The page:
Home JOSEPH C. ABBOTT vs. SUPREME COLONY UNITED ORDER OF PILGRIM FATHERS & claimant.

190 Mass. 67

November 9, 1905 - January 2, 1906

Essex County

Present: KNOWLTON, C. J., MORTON, HAMMOND, LORING, & BRALEY, JJ.

Fraternal Beneficiary Corporation.

Where the certificate of a fraternal beneficiary corporation provides that "a change of beneficiary in any other manner than as directed by the constitution will not be legal or binding on the order," and a provision of the constitution, printed on the certificate, requires for such a change a declaration in writing signed by the member, witnessed by two reputable witnesses and acknowledged before a justice of the peace, or one of certain other officers named, an attempt of a member to change the beneficiary named in his certificate by signing at a hospital during his last illness a declaration on the form approved by the order and acknowledging it before a justice of the peace, but with no other witness, is of no effect, and it is immaterial that the justice of the peace tried to procure the necessary witnesses but failed to do so.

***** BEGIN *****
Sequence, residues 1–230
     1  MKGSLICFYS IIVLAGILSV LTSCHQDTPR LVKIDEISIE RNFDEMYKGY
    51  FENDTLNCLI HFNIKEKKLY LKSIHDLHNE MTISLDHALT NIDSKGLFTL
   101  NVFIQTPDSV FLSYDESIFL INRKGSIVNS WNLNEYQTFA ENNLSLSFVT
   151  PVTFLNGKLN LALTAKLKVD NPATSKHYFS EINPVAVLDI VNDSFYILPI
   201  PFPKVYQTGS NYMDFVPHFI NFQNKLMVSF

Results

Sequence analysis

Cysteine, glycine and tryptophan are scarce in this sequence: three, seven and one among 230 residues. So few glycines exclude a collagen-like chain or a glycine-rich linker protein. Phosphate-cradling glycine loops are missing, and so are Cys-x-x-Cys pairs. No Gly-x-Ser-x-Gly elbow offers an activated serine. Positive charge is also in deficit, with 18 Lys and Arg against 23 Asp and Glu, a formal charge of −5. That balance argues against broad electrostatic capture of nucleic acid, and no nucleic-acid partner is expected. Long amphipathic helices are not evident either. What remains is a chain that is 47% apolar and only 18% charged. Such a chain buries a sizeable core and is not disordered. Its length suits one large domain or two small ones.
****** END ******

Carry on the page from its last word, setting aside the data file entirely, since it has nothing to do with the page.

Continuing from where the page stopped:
By the constitution of a fraternal beneficiary corporation a change of the beneficiary named in a certificate could be made only by a declaration in writing signed by the member, witnessed by two reputable witnesses and acknowledged before a justice of the peace, or one of certain other officers named. A member during his last illness signed such a declaration and acknowledged it before a notary public, but with no other witness. The declaration was forwarded to the subordinate lodge and was received by it a day or two before the death of the member. The constitution and laws of the order contained no provision authorizing a subordinate lodge or any of its officers to waive any requirement of the constitution and laws. The supreme board of directors knew nothing of the lack of witnesses to the declaration until after the death of the member. Held, that there was no evidence of a waiver of the requirement of two witnesses.